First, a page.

Noah. You know the answer to that. White is a combination of RGB and obviously it acts on all three. Gamma can be set for white and with the aid of an external processor gamma can be set individually for R,G, and B. Which will result in a gamma curve for white which would then necessitate a readjustment of the white curve. Have I got that right?
Edited by mark haflich - 10/10/13 at 8:23pm
post #853 of 3990
I think so, but it's really the first question I'm interested in.
post #854 of 3990
Quote:
Originally Posted by noah katz View Post

Is it the logarithmic nature of the gamma curve combined with the max light reduction of the iris that keeps that from happening for mid or far white?
If I'm understanding the question correctly then I would say that the logarithmic nature of light and our vision kind of works against us and makes much higher on/off CR desirable, but also works in our favor for the reason you mentioned. Without gamma a 2.5x reduction in light through the iris would clip/crush 50% video level things, but with normal gamma even a 5x reduction wouldn't clip/crush 50% video level things (although the CR between 100% and 50% would likely be reduced).
Quote:
And it applies to all colors, not just white, right?
True. I was using white as a kind of shortcut, but anything that contains high video levels of one or more primaries would be more accurate. Maybe near 100% video level clipping or crushing would be a better way to put it, but more words. smile.gif

--Darin
post #855 of 3990
Quote:
Originally Posted by mark haflich View Post

Noah. You know the answer to that. White is a combination of RGB and obviously it acts on all three. Gamma can be set for white and with the aid of an external processor gamma can be set individually for R,G, and B. Which will result in a gamma curve for white which would then necessitate a readjustment of the white curve. Have I got that right?
That brings up a good point. If they want to have no gamma change at the screen (just clipping), then what should they do with a small object that has levels of say 100% video level red and 75% for green and blue? That isn't a white object, but if you close the iris and clip everything to 75% it becomes white. One reason to apply some intelligence like Sony does even though a measurement of gamma will show that the projector is doing things that are wrong compared to a standard.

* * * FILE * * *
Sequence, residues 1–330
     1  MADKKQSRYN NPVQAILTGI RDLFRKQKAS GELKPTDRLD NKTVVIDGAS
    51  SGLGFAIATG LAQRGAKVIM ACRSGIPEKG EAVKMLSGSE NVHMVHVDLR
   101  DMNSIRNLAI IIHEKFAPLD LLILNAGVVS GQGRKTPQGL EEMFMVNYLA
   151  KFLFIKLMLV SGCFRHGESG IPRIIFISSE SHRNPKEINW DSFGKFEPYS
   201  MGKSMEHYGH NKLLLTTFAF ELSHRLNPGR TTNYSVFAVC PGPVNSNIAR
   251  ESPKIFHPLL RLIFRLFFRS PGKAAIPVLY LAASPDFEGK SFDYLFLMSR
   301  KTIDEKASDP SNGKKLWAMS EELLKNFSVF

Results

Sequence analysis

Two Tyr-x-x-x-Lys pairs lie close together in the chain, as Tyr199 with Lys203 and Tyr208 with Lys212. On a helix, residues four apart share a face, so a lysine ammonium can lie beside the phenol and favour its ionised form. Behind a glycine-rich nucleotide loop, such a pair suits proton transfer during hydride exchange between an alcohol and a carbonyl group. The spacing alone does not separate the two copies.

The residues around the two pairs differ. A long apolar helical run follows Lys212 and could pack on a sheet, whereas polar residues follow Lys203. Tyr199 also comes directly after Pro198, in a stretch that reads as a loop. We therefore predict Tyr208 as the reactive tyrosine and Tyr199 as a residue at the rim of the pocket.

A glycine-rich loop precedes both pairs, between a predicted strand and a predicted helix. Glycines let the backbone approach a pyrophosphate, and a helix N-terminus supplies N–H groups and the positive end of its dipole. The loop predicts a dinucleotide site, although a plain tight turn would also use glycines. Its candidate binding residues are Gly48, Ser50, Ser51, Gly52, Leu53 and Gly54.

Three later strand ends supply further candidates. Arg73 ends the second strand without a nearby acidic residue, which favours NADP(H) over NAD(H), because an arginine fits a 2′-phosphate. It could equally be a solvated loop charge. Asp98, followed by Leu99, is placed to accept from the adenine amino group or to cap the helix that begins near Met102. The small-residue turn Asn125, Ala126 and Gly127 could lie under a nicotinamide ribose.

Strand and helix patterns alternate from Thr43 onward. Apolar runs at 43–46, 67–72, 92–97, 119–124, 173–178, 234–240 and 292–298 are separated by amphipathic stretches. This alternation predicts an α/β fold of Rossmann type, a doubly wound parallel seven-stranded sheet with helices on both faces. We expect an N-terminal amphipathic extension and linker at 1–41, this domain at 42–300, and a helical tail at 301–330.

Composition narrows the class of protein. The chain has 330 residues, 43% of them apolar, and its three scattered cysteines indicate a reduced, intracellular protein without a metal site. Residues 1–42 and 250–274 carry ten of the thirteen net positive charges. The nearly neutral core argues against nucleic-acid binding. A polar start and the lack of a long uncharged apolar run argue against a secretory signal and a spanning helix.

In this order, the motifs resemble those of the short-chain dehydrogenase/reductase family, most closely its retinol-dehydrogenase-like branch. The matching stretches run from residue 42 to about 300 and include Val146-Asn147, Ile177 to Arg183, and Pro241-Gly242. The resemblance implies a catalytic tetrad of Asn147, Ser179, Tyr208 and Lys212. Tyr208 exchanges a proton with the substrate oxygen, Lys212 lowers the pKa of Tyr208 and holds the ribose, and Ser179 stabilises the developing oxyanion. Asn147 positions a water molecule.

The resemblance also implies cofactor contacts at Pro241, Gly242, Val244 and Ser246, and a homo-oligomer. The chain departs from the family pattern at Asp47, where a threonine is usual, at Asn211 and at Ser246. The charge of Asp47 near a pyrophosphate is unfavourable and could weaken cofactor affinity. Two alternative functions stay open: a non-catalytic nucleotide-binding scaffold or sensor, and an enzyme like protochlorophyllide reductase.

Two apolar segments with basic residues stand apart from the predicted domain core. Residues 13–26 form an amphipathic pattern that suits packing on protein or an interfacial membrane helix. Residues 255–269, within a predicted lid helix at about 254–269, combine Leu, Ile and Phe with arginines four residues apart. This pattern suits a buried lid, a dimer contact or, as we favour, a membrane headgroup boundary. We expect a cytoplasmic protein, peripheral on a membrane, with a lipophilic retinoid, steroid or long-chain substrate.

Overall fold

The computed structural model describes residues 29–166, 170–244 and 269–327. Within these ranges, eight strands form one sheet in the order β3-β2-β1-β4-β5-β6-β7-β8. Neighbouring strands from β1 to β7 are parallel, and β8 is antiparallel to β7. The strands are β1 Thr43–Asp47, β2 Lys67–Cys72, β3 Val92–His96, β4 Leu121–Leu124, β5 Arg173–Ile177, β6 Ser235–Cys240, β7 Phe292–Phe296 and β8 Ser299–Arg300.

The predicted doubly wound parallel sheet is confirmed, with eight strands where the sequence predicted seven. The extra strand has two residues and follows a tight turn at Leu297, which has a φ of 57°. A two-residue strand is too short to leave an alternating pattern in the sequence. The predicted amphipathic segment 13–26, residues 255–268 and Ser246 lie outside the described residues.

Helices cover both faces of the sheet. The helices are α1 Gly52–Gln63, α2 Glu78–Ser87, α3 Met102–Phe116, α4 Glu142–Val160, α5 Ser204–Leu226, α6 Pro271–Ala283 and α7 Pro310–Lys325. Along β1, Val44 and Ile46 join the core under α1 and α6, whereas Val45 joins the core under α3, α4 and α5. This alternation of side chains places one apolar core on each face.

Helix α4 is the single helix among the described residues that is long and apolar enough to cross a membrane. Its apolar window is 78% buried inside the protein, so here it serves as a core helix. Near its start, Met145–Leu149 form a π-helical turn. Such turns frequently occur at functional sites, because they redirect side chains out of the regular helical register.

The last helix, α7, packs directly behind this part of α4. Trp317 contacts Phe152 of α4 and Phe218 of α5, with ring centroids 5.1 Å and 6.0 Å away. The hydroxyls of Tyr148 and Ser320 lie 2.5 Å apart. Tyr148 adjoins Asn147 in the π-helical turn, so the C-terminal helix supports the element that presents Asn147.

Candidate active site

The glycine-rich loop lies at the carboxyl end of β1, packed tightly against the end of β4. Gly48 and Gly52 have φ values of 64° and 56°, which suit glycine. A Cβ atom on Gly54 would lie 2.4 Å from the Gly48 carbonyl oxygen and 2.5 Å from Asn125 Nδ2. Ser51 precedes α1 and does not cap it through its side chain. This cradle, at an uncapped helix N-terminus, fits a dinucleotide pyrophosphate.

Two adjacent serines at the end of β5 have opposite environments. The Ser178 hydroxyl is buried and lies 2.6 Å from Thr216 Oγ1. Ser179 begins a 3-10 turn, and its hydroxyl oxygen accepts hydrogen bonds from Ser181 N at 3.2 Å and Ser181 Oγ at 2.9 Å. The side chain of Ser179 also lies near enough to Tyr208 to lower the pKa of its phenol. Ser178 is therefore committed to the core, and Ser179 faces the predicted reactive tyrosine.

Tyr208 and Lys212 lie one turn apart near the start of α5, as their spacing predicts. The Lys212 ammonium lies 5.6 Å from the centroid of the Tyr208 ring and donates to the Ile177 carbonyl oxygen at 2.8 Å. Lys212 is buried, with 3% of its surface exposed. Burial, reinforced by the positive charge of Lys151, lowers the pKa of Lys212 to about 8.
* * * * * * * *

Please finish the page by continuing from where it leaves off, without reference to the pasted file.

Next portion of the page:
I think much of DI design and implementation is an art where they check to see what viewers tend to notice and not notice (applying those to both positive factors and negative factors).

A person may think they want no gamma change based on measurements, but then prefer them for actual viewing.

--Darin
post #856 of 3990
Your answer indicates that you did understand what I was getting at; thanks, Darin.
post #857 of 3990
Quote:
Originally Posted by R Harkness View Post

I posted a question for "GaryB" about this on the AVforum. He's a very reliable JVC employee - Technical Manager for JVC-UK (he's great about posting the latest firmware etc for JVC projectors). He just responded:

"I had a very quick play with a sample unit today and checked this. The IA has three settings, "Manual", "Auto 1" and "Auto 2". On the unit I checked (with very early test software), when you use the Auto settings, you can't set a maximum brightness."

If that's how the projector is released it might rule out this year's JVC for me. Engaging the IA would take away one of my most valued features of the JVC projectors.


Oh! Now that is a surprise. We know that the higher end models still have an aperture just in-front of the lamp. So there was an extending thought that this meant you still had the dual aperture mechanism from before plus an additional third aperture for the dynamic bit. And the extension on that was that the aperture only closed down to help with dark scenes. The aperture in-front of the lamp is a big heavy thing compared to the one at the lens......so that would be very hard to make dynamic! Having just those 3 options throws all of our theories up in the air and now I have no idea what JVC have implemented here!
post #858 of 3990
The 67/6710 uses a better grade chip than the 57 which uses a better grade chip than the 49/4910. That is a portion of the increase in native contrast. Of course, the dual Iris design on the 57 & 67/6710 helps too.

The Intelligent Lens Aperture does have two auto settings. One adjusts Gamma as well. One does not.
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post #859 of 3990
Quote:
Originally Posted by darinp2 View Post

That brings up a good point. If they want to have no gamma change at the screen (just clipping), then what should they do with a small object that has levels of say 100% video level red and 75% for green and blue? That isn't a white object, but if you close the iris and clip everything to 75% it becomes white. One reason to apply some intelligence like Sony does even though a measurement of gamma will show that the projector is doing things that are wrong compared to a standard.